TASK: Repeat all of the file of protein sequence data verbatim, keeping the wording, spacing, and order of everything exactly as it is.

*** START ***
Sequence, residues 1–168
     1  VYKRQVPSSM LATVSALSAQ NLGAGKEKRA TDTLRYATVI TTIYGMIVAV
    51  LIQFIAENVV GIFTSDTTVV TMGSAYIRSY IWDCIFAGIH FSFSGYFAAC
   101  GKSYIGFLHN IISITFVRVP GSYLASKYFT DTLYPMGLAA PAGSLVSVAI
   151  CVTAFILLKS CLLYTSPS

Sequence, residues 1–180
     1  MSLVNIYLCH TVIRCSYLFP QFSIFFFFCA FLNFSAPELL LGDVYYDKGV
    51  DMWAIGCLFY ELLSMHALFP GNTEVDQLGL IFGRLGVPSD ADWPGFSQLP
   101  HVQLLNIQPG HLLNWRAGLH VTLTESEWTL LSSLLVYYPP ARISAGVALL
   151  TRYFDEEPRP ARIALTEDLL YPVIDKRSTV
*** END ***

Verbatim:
Sequence, residues 1–168
     1  VYKRQVPSSM LATVSALSAQ NLGAGKEKRA TDTLRYATVI TTIYGMIVAV
    51  LIQFIAENVV GIFTSDTTVV TMGSAYIRSY IWDCIFAGIH FSFSGYFAAC
   101  GKSYIGFLHN IISITFVRVP GSYLASKYFT DTLYPMGLAA PAGSLVSVAI
   151  CVTAFILLKS CLLYTSPS

Sequence, residues 1–180
     1  MSLVNIYLCH TVIRCSYLFP QFSIFFFFCA FLNFSAPELL LGDVYYDKGV
    51  DMWAIGCLFY ELLSMHALFP GNTEVDQLGL IFGRLGVPSD ADWPGFSQLP
   101  HVQLLNIQPG HLLNWRAGLH VTLTESEWTL LSSLLVYYPP ARISAGVALL
   151  TRYFDEEPRP ARIALTEDLL YPVIDKRSTV